Isolation is a curse

I have always felt excluded. Do I have to live with this for the rest of my life? 

Our elder has some advice for a letter writer who struggles with social alienation.


Dear EWC

For as long as I can remember, I always felt excluded and isolated everywhere, even with the woman who raised me and later on with my parents. I had friends, a lot of them, and I always felt like I didn’t have any. On every happy occasion all I remember is how lonely I felt despite having friends and family with me. Even recently in my masters graduation which I highly anticipated, I felt very lonely. I could not stop crying for a week. Is there anything I can do to stop feeling so isolated and not seen? Or is it a curse I have to live with for the rest of my life?


Grandpa-Matt replies

While I am not a therapist or a counselor, I am familiar with something called social alienation, which appears to affect you going way back in time. I have experienced this type of alienation in my early years. I felt that I didn’t belong to my family, peers, schoolmates, co-workers, etc. I had the feeling that there was them, and there was me. Like you, in growing up, I had a difficult time with my family, where they continued to send the message that I wasn’t enough, not good enough, not smart enough, not capable enough. I felt that I didn’t measure up to their expectations. Compared to others in my family, I was the outsider – never good enough to belong.

This is the pattern I adopted with others in my world. I was always the outsider and found “evidence” that they would reject me. This supported my belief that there was something wrong with me. Behaviorally, I would withdraw and avoid much interaction with them. I was like the “fastest-gun-in-the-West,” where I would reject them before they would get a chance to reject me.

This social alienation became my defense against rejection or abandonment. That is why you might have a challenging time breaking this method of coping with this issue. As a defense, it is a short-term fix that justifies the feeling of aloneness and not fitting in. Living a joyless existence, I believe, allows us to be “right” about the way we live. The loneliness produced by the isolation is not a life-long curse.

I did receive counseling that aided me in changing my way of interacting with others. It seemed simple, but all I had to do is continually claim that I did belong. It was my decision early on that I didn’t belong. So, it was also my decision that I do belong! It was a choice of being continually assertive in my claim of belonging. It was simply my error when I interpreted my being excluded as the way of protecting myself from being hurt!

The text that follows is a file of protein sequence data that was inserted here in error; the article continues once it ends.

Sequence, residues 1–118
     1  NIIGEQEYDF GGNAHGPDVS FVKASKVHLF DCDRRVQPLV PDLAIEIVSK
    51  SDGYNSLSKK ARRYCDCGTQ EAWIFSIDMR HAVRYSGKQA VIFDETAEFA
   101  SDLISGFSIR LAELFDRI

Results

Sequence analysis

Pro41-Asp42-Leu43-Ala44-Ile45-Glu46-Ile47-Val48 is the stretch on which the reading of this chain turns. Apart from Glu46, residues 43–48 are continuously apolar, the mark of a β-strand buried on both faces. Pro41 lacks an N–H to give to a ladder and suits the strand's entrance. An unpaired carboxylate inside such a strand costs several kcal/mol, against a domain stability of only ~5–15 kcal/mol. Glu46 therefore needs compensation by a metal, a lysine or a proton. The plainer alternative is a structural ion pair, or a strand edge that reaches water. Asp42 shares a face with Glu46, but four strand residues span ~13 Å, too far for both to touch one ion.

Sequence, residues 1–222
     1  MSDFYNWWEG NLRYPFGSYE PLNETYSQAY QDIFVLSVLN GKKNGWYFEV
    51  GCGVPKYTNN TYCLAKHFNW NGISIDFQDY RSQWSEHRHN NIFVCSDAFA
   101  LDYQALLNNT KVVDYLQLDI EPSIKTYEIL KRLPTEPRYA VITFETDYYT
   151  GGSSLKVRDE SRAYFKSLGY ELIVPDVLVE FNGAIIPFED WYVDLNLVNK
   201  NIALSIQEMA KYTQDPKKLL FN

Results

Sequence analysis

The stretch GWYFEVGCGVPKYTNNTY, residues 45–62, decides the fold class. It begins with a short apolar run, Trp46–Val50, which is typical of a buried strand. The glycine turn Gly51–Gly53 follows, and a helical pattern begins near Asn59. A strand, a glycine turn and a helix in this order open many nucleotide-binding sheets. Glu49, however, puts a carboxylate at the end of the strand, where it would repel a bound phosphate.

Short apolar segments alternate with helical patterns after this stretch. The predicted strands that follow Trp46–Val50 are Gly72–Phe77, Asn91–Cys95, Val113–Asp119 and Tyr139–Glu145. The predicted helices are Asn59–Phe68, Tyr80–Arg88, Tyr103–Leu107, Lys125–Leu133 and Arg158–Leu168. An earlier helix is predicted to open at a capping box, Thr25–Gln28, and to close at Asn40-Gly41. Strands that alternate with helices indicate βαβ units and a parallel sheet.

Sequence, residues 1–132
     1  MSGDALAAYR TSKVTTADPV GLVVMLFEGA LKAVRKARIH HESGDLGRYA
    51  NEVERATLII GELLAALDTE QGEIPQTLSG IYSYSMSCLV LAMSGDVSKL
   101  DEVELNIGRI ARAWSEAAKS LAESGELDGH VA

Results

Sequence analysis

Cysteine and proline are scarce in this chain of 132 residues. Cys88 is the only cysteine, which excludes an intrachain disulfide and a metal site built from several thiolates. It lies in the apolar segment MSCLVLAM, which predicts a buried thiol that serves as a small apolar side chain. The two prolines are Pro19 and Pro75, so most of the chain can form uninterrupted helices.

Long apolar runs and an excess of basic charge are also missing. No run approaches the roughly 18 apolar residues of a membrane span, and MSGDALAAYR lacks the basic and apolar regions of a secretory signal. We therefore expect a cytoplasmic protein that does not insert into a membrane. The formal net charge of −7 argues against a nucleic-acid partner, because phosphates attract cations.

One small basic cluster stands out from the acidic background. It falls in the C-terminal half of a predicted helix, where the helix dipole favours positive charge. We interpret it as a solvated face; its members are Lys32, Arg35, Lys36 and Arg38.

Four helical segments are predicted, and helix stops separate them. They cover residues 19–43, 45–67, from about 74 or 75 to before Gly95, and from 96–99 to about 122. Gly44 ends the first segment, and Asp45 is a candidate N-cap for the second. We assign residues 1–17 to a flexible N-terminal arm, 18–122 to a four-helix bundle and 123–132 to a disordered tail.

Some thoughts about rejection. We all have a desire to belong, and we fear being seen in a critical way. We’re anxious about the prospect of being cut off, looking foolish, or isolated. We may be afraid that rejection confirms our worst fear – perhaps that we’re unlovable or have little worth or value. 

This fear of rejection is a powerful one. Where does this originate? The fear of rejection is one of our deepest fears, which goes back at least 200,000 years. When people lived in tight groups and depended upon each other for food and protection, it was life-threatening to be rejected and kicked out of the community. Wild animals and hostile individuals from different tribes would jeopardize the survival of that person separated from the “family.” 

Our ancestors learned to seek acceptance by their group. They have passed this need down in our DNA. In modern times, the thought of rejection is still alive within us, but the consequences are not as physically harmful, but the negative emotion still feels threatening. 

Conquering the unwanted behavior takes a realization that we made some errors a long time ago when we decided that we lacked the “right stuff.” The truth is that we are good enough for ourselves! What would it be like for you to discover that you are enough for yourself and anyone else that mattered in your life? The realization that you are a valuable, lovable, and desirable object of affection should be enough to change your behavior in your relationships with others. 

A few things about rejection: what you must keep in mind is that we are not rejected as a person when we get a refusal. It is just that an offer is turned down. For example, if someone wants to give you something to eat that you don’t like (maybe liver) and you turn it down, you are rejecting the offer, not the person who offered it to you. Many times, if someone turns you down, it is not always about you. Someone might have many reasons that it doesn’t work for them. 

If your past behavior gives you the idea that you aren’t good enough or able enough to have success, then I suggest you devote some time to raising your self-esteem. Start by reading this article on the internet. There you will find many tips to assist you. Also, look at this website about handling social anxiety.

I hope this advice will bring you a sense of direction on finding some inner peace. Please write back and let me know if this works for you.Article #: 468888

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